Dr Lorri Hopkins is committed to helping to build a system where junior doctors have excellent training experiences that inspire them to work rurally.
“As a junior doctor I was the beneficiary of some wonderful training experiences courtesy of Dr Brian Williams who headed up the WA Centre for Rural and Remote Medicine (now Rural Health West).
“He created special training posts for aspiring rural generalists before the term was even coined.
“These posts would give provide concentrated or customised rotations and were highly sought after. For instance, instead of working as one of 10 registrars at King Edward Memorial Hospital, you might spend a term at Osborne Park Hospital where you would be directly involved in 100 deliveries in just six months.
“These posts were flagged for junior doctors with a long-term interest in rural medicine, rather than those who just wanted to tick off a rotation on their way to a different specialty.
“Many of my contemporaries from the program are still working in rural medicine which demonstrates the longevity of its success.
Image: Dr Lorri Hopkins lives and works in the Great Southern regional town of Albany.
“In some ways, that is what we’re trying to emulate with the Regional Training Hubs; really well-supported positions where junior doctors can get excellent training experiences that equip them for long-term rural practice.”
Lorri’s role with the Regional Training Hubs is a mix of networking with junior doctors, connecting them with appropriate mentors and contacts, and working with health services and colleges to create accredited training options.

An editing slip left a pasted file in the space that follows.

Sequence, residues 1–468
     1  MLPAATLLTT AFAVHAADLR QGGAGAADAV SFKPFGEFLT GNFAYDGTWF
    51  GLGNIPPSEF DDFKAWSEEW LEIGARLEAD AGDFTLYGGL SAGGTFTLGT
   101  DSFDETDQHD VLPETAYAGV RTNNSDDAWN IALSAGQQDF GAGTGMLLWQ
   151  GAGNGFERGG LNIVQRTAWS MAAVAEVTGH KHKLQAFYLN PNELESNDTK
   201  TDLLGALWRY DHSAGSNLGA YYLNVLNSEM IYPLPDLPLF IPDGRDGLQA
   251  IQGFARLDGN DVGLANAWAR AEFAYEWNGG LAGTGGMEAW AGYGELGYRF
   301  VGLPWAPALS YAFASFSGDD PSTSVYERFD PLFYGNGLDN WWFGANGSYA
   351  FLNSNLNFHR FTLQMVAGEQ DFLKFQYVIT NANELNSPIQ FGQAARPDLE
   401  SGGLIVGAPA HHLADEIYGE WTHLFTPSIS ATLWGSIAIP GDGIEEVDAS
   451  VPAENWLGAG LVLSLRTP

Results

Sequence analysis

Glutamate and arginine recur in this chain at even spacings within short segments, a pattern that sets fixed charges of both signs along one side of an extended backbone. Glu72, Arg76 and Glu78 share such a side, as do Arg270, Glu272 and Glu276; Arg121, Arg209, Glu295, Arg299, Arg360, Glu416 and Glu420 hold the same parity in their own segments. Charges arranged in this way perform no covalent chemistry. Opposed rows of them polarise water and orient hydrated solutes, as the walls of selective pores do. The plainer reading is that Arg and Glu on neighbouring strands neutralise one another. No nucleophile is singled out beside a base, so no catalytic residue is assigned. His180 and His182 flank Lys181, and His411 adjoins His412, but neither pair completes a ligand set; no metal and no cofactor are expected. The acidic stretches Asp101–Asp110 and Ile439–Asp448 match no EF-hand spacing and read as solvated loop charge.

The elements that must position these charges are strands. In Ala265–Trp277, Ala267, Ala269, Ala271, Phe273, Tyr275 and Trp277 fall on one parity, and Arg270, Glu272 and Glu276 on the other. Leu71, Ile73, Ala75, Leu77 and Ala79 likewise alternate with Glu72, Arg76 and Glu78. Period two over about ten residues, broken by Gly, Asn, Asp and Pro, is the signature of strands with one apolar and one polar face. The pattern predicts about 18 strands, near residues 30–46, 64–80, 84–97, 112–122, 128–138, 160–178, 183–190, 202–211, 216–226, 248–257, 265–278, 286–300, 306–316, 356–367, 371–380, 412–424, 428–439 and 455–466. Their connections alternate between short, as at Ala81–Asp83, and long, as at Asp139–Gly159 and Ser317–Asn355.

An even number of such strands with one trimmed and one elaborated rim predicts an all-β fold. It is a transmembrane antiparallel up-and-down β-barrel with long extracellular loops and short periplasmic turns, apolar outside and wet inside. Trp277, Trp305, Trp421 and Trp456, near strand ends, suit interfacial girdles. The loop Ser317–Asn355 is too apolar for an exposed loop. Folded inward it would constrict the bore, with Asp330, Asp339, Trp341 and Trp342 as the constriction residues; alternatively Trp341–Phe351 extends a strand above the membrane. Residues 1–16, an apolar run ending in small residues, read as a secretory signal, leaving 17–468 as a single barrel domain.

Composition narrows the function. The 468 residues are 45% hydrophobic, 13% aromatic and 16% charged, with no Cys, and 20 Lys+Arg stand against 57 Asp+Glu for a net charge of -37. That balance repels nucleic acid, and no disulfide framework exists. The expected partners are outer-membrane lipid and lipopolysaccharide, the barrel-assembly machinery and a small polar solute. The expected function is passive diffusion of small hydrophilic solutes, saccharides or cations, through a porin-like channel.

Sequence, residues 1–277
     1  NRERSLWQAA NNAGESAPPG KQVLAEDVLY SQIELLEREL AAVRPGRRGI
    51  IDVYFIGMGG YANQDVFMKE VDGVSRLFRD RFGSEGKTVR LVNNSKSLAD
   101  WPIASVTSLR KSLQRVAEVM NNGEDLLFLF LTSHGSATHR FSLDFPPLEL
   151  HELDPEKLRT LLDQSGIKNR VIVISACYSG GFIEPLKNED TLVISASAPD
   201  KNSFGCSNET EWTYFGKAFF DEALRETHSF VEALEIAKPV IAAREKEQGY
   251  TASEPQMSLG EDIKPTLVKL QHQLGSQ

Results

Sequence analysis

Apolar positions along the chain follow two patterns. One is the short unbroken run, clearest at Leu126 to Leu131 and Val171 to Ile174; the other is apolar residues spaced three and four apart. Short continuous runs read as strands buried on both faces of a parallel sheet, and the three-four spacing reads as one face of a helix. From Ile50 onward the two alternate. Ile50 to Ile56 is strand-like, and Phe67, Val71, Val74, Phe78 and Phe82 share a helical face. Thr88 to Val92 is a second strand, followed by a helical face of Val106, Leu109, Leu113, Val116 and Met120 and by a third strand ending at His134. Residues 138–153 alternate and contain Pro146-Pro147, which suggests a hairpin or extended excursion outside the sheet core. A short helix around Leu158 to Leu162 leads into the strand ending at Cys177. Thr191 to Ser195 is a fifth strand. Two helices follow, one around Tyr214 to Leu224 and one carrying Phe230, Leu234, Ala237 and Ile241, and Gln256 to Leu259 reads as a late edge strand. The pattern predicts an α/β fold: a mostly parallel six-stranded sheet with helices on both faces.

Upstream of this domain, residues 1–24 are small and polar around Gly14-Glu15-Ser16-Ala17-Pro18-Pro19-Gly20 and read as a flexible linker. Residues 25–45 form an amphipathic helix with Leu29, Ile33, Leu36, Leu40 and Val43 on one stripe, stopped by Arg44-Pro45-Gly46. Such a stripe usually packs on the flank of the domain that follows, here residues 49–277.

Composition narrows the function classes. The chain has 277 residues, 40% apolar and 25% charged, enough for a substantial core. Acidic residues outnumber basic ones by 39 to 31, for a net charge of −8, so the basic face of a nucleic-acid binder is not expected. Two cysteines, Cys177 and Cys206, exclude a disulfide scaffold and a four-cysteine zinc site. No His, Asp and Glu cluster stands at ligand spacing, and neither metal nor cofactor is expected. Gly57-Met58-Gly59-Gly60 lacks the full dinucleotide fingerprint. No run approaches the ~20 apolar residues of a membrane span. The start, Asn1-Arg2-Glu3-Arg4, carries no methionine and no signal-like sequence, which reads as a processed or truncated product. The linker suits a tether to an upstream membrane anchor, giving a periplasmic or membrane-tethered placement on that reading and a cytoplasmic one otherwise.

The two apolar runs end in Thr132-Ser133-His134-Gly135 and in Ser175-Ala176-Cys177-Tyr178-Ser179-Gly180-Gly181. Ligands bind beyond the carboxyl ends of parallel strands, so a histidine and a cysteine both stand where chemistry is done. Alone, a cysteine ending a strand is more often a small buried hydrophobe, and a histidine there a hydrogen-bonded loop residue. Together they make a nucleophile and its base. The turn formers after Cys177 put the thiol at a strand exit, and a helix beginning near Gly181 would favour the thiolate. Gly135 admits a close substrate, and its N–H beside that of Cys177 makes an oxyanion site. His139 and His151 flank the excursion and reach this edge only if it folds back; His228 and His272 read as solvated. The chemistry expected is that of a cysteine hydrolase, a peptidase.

My role is quite nebulous and multi-faceted. There is certainly an element of promoting rural generalism as a career, but also ensuring there are structures and supports in place so that our future doctors can fulfil their aspirations with excellent training.Dr Lorri Hopkins
“Working with both WACHS and the colleges to build accredited training options is vital to securing a stable long-term rural medical workforce. There is more work to be done to demonstrate to the WA Health service and colleges that rural locations can produce top quality doctors and Dr Bron Pierce has had excellent success in this space.”
Lorri believes that to prepare doctors to work rurally, they ideally need to train rurally as there are aspects of rural medicine that can’t be replicated in a metro facility.
“There’s often an extra layer of complexity and problem solving that rural trainees face due to the availability and distance of some services in those locations.”
Lorri said the training and medical landscape had changed significantly since she was a junior doctor.
“When I first came to the Great Southern, Albany Hospital was a GP-run facility. It now boasts a wide variety of specialists.
“This provides many more opportunities for junior doctors to pursue their desired profession outside of Perth as there is sufficient supervision and patient numbers to meet the requirements of their respective colleges.
“It is promising for the future of rural medicine that we currently have more than 60 junior doctors and 16 RCSWA students in their final and penultimate years of medical school based in Albany.
“With the move to post-graduate medical schools and a greater willingness to change careers amongst the younger generation, our students and junior doctors often have families and other responsibilities. They don’t have the same mobility or desire to move from location to location to complete their training.
“Ideally, we would have the capacity to support all aspiring rural doctors to complete all or most of their training in their desired location.”
Dr Lorri Hopkins is a Medical Coordinator for WA Regional Training Great Southern, Wheatbelt & South West Hub. For more information please contact the WA Regional Training Hubs Team email@example.com
The Regional Training Hubs have been developed as part of the Australian Government Department of Health’s Integrated Rural Training Pipeline for Medicine (IRTP).